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Operation: Annotation

An example of "marginalia"

A common tradition on Thanksgiving, however strange it may seem, is to settle into the couch as the turkey begins to take its toll and relax to the dramatic telling of The Godfather. The novel-turned-epic-classic contains some of the most famous lines and moments in film history. And just recently Francis Ford Coppola, the director, released an entire book filled with his notes as he was making the movie. That’s right. Even the director of The Godfather engaged in annotation. As several news agencies have reported, Coppola pasted sections of the novel onto larger pages and wrote notes about the corresponding movie scenes and how best to illustrate the themes contained therein.

So if it was good enough for him, it must be good enough for our students, right? Carol Porter-O’Connell’s article “Beyond the Yellow Highlighter” gets to the heart of this trending issue in education today. Many a teacher will remember getting texts at the college bookstore filled with colorful lines made by the previous owner (or renter as the case may have been). A recent study has concluded that techniques like simply highlighting and underlining parts of a text are surprisingly ineffective in promoting greater student understanding. Time magazine's review of the research suggests “that highlighting can [even] get in the way of learning; because it draws attention to individual facts, [and thus] it may hamper the process of making connections and drawing inferences.”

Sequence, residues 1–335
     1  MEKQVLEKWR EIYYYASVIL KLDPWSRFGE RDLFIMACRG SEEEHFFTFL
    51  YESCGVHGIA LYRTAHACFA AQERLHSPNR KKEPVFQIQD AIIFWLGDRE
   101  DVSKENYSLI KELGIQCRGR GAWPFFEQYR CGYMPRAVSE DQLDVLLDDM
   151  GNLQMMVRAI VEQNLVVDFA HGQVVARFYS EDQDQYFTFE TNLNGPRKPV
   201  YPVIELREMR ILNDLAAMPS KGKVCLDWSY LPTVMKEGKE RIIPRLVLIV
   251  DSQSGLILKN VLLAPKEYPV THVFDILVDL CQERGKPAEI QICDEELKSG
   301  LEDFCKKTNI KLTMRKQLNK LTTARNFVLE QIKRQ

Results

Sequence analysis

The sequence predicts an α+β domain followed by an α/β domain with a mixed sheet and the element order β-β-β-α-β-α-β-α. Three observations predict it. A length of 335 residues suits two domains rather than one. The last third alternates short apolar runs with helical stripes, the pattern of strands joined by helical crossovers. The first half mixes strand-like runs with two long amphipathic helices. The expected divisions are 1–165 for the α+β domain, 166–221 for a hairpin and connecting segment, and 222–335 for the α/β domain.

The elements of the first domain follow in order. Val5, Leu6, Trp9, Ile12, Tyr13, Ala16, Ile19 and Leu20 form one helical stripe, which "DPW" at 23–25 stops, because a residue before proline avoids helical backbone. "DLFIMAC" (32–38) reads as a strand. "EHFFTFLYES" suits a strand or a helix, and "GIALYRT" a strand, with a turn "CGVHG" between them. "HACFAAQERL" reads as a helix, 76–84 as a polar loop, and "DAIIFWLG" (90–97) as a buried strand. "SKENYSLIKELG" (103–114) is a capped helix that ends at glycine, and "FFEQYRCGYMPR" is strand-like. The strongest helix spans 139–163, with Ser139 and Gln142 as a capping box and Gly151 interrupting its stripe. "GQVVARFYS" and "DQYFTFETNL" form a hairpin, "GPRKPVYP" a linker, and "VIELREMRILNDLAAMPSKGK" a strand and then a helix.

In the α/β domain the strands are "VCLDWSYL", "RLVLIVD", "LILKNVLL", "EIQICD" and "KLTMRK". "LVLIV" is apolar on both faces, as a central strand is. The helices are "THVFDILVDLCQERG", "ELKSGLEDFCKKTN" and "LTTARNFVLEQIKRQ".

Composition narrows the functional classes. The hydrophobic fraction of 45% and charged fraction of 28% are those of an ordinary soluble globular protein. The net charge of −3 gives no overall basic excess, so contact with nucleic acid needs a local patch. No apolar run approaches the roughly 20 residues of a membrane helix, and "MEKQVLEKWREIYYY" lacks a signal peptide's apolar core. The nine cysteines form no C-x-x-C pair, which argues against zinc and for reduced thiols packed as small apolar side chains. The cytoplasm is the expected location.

In a world deluged with data and information, a myriad of media and calls for a student’s attention, the ability of learners to sift through all the white noise and make meaningful connections from the piles of content surrounding them is ever more necessary. Not a new idea to be sure, annotation has come back to the forefront on the heels of the “close” read and in concert with an increasing focus on critical thinking. Dubbed marginalia by many, the resources available for better and more useful taking of notes are growing before our eyes. Here are a few ideas to get you moving in the right direction:

  • Software like Hypothes.is allows you to take notes anywhere you go on the web and their team has developed 10 tips for helping students get started.
  • ReadWriteThink has a great lesson plan for high school with background resources and extended reading to make sense of annotation’s utility.
  • The New York Times Learning Network offers simple practice and strategies for the classroom.
  • Scholastic has a rubric and guide for elementary and middle school.
  • StoryMap is a great way to annotate images like photos or paintings, or other famous images as an interactive experience that you or your students can create.

Already an annotation guru? Let us know your secrets in the comments section! And remember to keep your writing close, but your annotations even closer.